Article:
Decent restrooms are a must when renting a place to stay. This is particularly true for individuals who are meticulous when it comes to their hygiene and cleanliness. 

So, before you make a decision, it’s crucial to inspect the bathroom and give it a try to ensure everything’s working in good condition. After all, nobody wants to delay their toilet time just because it’s clogged and not working properly.

  1. Common Areas And Available Amenities

The life of a college student has its own fair share of stress. So, although you want to study as hard as possible, you want to take a break too, enjoy the moment, and create great memories. That’s why you should consider the common areas and amenities inside the apartment.

Check if the student housing includes a gym, a movie theater, or a lounge area. These things may not be helpful for your studies, but they can make living away from home much easier and more comfortable.

  1. Water Supply

An apartment packed with students who need a constant stream of water to flush the toilet, wash the dishes, or do the laundry can lead to water pressure issues. 

When visiting student apartments, scrutinize the sinks and toilets and ensure enough trickle of water flows through the pipes. Plus, you should try flushing the toilet to see if it’s working. 

Lastly, don’t forget to look for leaks and damp areas—signs of broken pipes. Water damage can be detrimental to your health if left ignored.

  1. Security

Security is arguably the most critical factor you need to consider when choosing a student apartment. To determine the security level of a potential residence, consider asking the landlord the following questions:

  • Are the locks secure?;
  • Are there surveillance cameras installed in every corner of the building?; 
  • Does the apartment have security guards to keep the building in check 24/7?; and so on. 

Answering these questions may help reduce the worries you may feel about the security of your belongings while having a class in school.

Understanding The Lease Contract

Signing a lease can be intimidating and overwhelming, especially for first-time renters. Before you sign the contract, read it thoroughly to ensure you’ve left no stone unturned and no surprises in the future. Take all the time you need, and don’t hesitate to ask questions. 

Here are some tips to follow when checking (and double-checking) a lease contract:

  • Check The Accuracy 

Before you sign the contract, make sure that every detail included is accurate, from your name and apartment address to the price of rent and policies involved. Don’t hesitate to ask questions if some parts of the contract seem confusing and unclear.

  • Review The Penalties And Charges

As you go over the contract, you’ll see the penalties and charges you might be accountable for during the term. Common penalties you may see in a lease contract are charges for late payment, disruptive behavior, end-of-the-lease cleaning, and property damage.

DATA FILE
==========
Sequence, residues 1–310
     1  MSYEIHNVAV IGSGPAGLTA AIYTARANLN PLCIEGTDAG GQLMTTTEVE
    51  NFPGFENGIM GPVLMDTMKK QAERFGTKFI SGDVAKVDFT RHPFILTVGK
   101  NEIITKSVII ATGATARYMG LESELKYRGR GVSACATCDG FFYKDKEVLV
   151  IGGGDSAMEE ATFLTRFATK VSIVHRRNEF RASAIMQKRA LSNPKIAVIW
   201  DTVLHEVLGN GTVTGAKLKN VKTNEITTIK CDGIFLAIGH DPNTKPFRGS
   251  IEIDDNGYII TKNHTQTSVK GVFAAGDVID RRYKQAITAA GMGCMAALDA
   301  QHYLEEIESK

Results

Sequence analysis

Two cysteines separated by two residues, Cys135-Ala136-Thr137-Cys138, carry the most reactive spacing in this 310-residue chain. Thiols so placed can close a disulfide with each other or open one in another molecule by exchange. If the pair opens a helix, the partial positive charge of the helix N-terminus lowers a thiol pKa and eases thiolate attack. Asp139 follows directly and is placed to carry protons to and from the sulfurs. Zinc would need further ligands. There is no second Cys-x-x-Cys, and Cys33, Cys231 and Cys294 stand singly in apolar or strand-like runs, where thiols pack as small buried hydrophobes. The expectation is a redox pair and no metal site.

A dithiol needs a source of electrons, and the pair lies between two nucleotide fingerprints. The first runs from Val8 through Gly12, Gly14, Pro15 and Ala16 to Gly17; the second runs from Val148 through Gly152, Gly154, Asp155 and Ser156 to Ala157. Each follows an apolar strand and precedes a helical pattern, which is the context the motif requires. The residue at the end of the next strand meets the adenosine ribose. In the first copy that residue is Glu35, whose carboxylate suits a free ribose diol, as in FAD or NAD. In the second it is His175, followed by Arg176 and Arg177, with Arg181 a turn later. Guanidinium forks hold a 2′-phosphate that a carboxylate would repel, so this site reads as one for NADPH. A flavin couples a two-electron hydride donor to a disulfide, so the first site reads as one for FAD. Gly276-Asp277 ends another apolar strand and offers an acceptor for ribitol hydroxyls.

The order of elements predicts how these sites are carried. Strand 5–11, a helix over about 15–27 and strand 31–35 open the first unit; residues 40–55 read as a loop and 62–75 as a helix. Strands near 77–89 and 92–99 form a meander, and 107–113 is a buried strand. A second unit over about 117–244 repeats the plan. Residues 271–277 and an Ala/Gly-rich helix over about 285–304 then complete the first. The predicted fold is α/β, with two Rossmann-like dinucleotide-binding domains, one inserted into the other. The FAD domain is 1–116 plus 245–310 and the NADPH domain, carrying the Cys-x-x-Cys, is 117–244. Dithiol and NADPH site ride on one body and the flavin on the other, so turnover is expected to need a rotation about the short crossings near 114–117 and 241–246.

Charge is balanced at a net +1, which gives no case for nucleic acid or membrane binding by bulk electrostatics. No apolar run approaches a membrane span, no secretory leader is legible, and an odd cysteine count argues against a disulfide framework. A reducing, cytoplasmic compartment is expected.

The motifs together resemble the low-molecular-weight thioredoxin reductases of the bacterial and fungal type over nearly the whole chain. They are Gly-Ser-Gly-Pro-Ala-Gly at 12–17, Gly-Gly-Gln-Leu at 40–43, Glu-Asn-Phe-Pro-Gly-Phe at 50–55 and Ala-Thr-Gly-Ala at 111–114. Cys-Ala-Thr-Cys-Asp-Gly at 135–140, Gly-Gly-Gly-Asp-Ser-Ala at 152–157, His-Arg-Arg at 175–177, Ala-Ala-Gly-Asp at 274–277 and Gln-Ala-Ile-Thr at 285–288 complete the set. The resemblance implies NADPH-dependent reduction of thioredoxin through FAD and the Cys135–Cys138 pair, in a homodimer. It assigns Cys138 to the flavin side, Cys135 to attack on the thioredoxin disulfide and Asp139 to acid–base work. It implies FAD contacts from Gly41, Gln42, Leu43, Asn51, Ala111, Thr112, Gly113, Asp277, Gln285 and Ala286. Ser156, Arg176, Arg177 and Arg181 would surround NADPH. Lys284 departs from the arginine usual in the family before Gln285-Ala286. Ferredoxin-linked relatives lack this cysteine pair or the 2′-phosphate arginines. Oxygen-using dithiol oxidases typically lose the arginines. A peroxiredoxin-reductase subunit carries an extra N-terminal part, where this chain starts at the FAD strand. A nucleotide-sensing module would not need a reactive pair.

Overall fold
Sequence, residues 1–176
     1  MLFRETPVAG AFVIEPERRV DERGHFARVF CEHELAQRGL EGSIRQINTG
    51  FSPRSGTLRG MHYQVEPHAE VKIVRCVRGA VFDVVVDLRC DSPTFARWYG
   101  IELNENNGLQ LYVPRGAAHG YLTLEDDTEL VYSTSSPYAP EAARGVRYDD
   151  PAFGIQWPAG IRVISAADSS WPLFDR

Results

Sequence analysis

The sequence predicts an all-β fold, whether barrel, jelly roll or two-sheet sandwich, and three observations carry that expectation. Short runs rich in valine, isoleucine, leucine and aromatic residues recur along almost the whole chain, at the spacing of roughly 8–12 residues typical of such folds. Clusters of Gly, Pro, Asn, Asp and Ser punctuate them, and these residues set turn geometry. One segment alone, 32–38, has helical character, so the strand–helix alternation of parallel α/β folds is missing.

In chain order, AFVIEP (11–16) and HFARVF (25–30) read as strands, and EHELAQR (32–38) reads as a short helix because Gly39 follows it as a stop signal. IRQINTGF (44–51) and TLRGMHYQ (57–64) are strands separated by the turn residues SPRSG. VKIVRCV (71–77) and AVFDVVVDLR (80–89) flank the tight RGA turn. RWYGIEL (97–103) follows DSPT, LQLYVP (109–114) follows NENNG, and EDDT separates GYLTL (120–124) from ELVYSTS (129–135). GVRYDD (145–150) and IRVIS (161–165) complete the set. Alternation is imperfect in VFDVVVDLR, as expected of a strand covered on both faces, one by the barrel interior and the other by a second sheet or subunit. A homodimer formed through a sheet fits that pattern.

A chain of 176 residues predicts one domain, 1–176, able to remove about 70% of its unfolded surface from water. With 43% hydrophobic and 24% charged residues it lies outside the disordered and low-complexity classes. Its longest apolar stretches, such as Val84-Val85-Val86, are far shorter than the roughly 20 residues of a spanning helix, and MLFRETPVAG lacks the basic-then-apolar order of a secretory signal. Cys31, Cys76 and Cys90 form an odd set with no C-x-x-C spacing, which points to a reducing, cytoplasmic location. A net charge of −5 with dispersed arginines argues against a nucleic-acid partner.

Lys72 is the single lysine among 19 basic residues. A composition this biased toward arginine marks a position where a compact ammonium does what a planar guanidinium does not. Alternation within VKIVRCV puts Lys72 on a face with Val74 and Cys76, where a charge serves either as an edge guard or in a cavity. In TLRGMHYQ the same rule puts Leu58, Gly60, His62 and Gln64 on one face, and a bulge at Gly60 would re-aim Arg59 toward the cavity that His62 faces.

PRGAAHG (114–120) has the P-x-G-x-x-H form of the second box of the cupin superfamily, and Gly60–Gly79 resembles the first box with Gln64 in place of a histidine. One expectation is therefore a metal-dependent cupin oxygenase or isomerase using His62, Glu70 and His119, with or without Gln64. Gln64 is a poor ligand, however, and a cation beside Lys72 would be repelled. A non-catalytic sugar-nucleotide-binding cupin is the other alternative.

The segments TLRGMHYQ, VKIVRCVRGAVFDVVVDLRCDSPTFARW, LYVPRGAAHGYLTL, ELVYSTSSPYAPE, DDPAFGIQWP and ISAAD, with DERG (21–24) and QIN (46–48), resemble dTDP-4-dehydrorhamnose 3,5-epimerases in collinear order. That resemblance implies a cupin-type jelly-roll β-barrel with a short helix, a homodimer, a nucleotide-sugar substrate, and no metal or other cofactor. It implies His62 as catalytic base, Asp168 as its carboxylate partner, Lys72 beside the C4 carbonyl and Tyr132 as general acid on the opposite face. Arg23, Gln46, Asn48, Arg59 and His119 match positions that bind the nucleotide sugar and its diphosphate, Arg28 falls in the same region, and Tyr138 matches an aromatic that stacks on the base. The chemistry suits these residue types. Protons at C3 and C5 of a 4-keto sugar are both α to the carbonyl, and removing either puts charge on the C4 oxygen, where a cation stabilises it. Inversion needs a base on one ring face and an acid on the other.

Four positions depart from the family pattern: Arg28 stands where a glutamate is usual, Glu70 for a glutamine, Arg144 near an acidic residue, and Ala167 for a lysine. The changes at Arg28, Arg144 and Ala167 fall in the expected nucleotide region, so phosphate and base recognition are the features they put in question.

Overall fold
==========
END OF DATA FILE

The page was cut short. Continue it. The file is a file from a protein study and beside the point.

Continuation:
• Read And Understand The Escape Clause

You’ll never know what will happen during your term period. You might find a more comfortable apartment or transfer to a new school. If an opportunity shows up, grab it, and never let go! 

If such a situation occurs in the future, what will you do? Read and understand the escape clause of the lease contract. It’ll tell you some conditions you need to meet to leave the apartment. 

Usually, escape clauses require existing renters to pay a 30 to 60-day notice and a penalty fee that may cost 2-3 months’ rent. And you may be required to forfeit your security deposit because of your untimely leave. 

  • Review The Rules Involving Guests

Most student apartments these days have stringent policies when it comes to bringing guests inside. This includes how long guests should stay and whether you can bring one. Make sure to understand the conditions presented in the contract, as breaking them may carry hefty penalties and eviction.

  • Check If You’re Allowed To Bring In Pets

Do you have a pet, or are you planning on getting one after moving in? Some student apartments don’t allow furry companions inside the premises, while others do. 

Ask the landlord whether there are restrictions on certain breeds, weights, and species. You may be excited to bring in your furry friend, but your landlord may hate it. Don’t hesitate to ask when in doubt.

  • Secure Your Deposit

In most cases, renters are required to pay a deposit before moving in. Make sure to understand the conditions surrounding it and whether it’s refundable. After signing the lease, get a copy of the contract for future reference to avoid confusion for both parties.

Additional Costs When Looking For A Student Apartment

Here are some additional costs associated with renting a student apartment:

  • Application Fee

Most student apartments require potential renters to pay an application fee. Although the price may vary from one apartment to another, application fees tend to range from USD$50 to USD$150. This fee covers background checking and application processing.

  • Security Deposit

Security deposits are fees held by the landlord during the lease term and typically range from USD$100 to a month’s rent. If you follow all of the provisions regarding your security deposit until the end of your lease, you may be able to refund your security fee.

  • Utilities

Utilities are one of the biggest monthly expenses you should prepare for when occupying a student apartment. These include electricity, gas, water, and more. Some flats offer a one-time utility setup fee of around USD$25 to USD$100. 

Other costs in renting a student apartment are rental insurance, moving expenses, pet rent and fees, and upgrade packages.

Final Words

Living independently can be a fun and exciting journey for freshmen students, but it can be overwhelming as well. That’s why looking for the ideal student apartment is crucial. The perfect housing will help you adjust to your new surroundings and put you at ease so you can easily meet and interact with new people. Use this simple guide on your hunt for the perfect student apartment.